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The Promise of Ages: A Christmas Collection
see end of review for track listing
Taverner Consort and Choir/Andrew Parrott
members of The New London Chamber Choir and the Henrietta Barnett School Choir
rec. St Jude-on-the-Hill Church, Hampstead, London, 5-9 May 1998
AVIE AV2291 [62:17]

I struggled with this CD in spite of the excellent performances. It appears to me disjointed, bitty and lacking a sense of balance and direction. A brief glance at the list of works given above and their respective timings will explain what I mean.

The CD opens with an arrangement of ‘Hark! The Herald Angels Sing’ by (possibly) Charles Burney. This is followed by an instrumental Welsh folksong played on ‘Welsh harp’ which is such a contrast to the hymn. I am not convinced it works.

I found it difficult having Peter Maxwell Davies’ fine carols juxtaposed with plainchant from the Nuns of Chester. Not that either is unpalatable: it is just that I would rather hear Davies on his own terms and not sandwiched between much earlier musical styles. Equally unsettling for me was the edgy, but thoroughly enjoyable, ‘Illuminare, Jerusalem’ by Judith Weir interposed between an English and an Irish traditional folk tune both played as instrumentals.

I understand that the ‘concept’ of the album is to present medieval lyrics in an original and modern guise. However, I feel that, for example, the three efforts by John Jacob Niles (1892-1980) seem to be pastiche rather than a genuine attempt at creating a medieval sound-world. His ‘Sing We the Virgin Mary’, ‘I wander as I wander’ and his ‘Lullay, Thou Tiny Child’ are childish rather than primitive. There is a flawless folk-song arrangement by Ralph Vaughan Williams which bears many hearings but why is this magical mood spoilt by the following piece for fiddle and concertina, which is great, but seems to be out of place here. This tap-room music is itself followed by a short burst of plainsong, ‘Hodie Christus Natus Est’ which is beautifully presented. After this comes a gorgeous carol by Holst ‘Jesu, Thou the Virgin Born.’ It is all very confusing and inconsistent.

On more secure ground are the well-known numbers from Benjamin Britten’s Ceremony of Carols including ‘There is no rose’ and ‘As Dew in Aprille.’ Listen to these separately.

The disc ends encouragingly with the well-known words by Charles Wesley and John Cennock ‘Lo! He comes with clouds descending’ to the equally popular tune by Martin Niles.

The CD is nicely presented. The texts of all the pieces are included in the liner-notes. The performance by the Taverner Consort with their director Andrew Parrott of these diverse pieces of music is typically superb and often quite moving. The sound is excellent and crystal clear throughout. I note that all the pieces were recorded in 1998 so they may have been selected from a larger collection of tracks.

I guess that I would rather that the producers of this disc had decided to stick to either standard Christmas carols and anthems, plainsong or folk music. The current programme sounds like a compilation created by having a multi-disc CD player on ‘random’. The mixture is unsatisfying and one is left wondering why a pop tune such as ‘Gaudete’ by the electric folk-group Steeleye Span was not included for good measure. After all this too is based on a medieval text. I do wonder if anyone will actually listen to this CD from end to end. I certainly found it extremely difficult to take as a whole. However, individually it has a number of excellent pieces which deserve exploration and if you like the extremes of variety in this repertoire it should appeal.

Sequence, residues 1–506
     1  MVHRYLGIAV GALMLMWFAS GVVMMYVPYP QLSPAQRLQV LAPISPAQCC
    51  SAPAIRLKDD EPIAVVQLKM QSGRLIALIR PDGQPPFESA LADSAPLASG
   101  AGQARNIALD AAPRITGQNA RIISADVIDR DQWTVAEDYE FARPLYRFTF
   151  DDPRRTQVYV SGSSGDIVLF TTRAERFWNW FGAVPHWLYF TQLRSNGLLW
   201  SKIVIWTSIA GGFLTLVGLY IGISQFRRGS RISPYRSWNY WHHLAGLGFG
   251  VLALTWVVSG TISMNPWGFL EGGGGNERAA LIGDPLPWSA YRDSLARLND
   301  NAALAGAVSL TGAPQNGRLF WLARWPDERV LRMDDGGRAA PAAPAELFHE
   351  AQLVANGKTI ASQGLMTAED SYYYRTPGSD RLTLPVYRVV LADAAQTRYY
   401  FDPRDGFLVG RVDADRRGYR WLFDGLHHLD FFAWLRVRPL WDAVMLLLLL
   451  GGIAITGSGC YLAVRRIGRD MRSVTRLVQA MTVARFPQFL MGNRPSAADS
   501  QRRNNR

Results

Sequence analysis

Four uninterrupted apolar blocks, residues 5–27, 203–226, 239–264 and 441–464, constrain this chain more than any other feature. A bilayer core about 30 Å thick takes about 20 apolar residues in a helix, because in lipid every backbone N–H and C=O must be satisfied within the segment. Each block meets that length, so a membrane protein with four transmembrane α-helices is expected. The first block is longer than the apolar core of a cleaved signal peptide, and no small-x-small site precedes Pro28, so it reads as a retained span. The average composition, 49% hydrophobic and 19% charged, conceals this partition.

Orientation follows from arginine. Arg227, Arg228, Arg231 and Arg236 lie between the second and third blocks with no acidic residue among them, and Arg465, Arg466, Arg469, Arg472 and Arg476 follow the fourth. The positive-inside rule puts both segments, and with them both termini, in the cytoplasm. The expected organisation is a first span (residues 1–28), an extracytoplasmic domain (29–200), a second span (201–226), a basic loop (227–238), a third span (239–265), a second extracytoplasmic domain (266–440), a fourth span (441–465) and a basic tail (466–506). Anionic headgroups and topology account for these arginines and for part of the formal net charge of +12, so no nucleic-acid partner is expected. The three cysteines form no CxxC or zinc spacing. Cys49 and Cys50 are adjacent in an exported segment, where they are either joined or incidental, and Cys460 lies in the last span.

John France
 
Track listing
C.B. (?) Charles BURNEY (1726-1814) Hark the Herald Angels Sing [2:48]
Welsh Traditional Nos Galan (Deck the Hall, arr. Edward JONES (1784) [3:45]
John Jacob NILES (1892-1980) ‘Lullay, Thou Tiny Little Child’ (1:59)
15th Century ‘Ther is no Rose of Swych Vertu’ [3:53]
Gustav HOLST (1874-1934) ‘I Sing of a Maiden’ [1:58]
Benjamin BRITTEN (1913-1976) ‘There is no Rose’ from A Ceremony of Carols (1942) [2:48]
Peter Maxwell DAVIES (b.1934) ‘O Magnum Mysterium’ (1960) [1:55]
Medieval Chant: (13th/14th century) ‘Song of the Nuns of Chester’ verses 1-3 [1:29]
Peter Maxwell DAVIES ‘The Fader of Heven’ [1:42]
Medieval Chant: (13th/14th Century) ‘Song of the Nuns of Chester’ verses 4-6 [1:30]
Peter Maxwell DAVIES O magnum Mysterium [2:14]
15th Century Ritson’s Manuscript ‘Lullay, Lullow’ [2:40]
John Jacob NILES ‘I Wonder as I Wander’ [2:23]
Traditional ‘Blessed be that maid Marie’ [2:24]
15th Century (Trinity Roll) ‘Hayl, Mary, Ful of Grace [3:47]
English Traditional ‘The Seven Joys of Mary’ [1:00]
Judith WEIR (b.1948) arr. Andrew PARROTT ‘Illuminare, Jerusalem’ (2:11)
Irish Traditional ‘Good People all this Christmastide [3:22]
John Jacob NILES ‘Sing We the Virgin Mary’ [2:12]
Ralph VAUGHAN WILLIAMS (1872-1958) ‘In Bethlehem City’ [4:16]
Irish Traditional ‘Christmas Eve’ [2:49]
Chant ‘Hodie Christus Natus Est’ [1:00]
Gustav HOLST ‘Jesu, Thou the Virgin-born [3:17]
Benjamin BRITTEN ‘As Dew in Aprille’ from A Ceremony of Carols (1942) [1:07]
Martin MADAN (1726-1790) Lo, He Comes with Clouds Descending [3:48]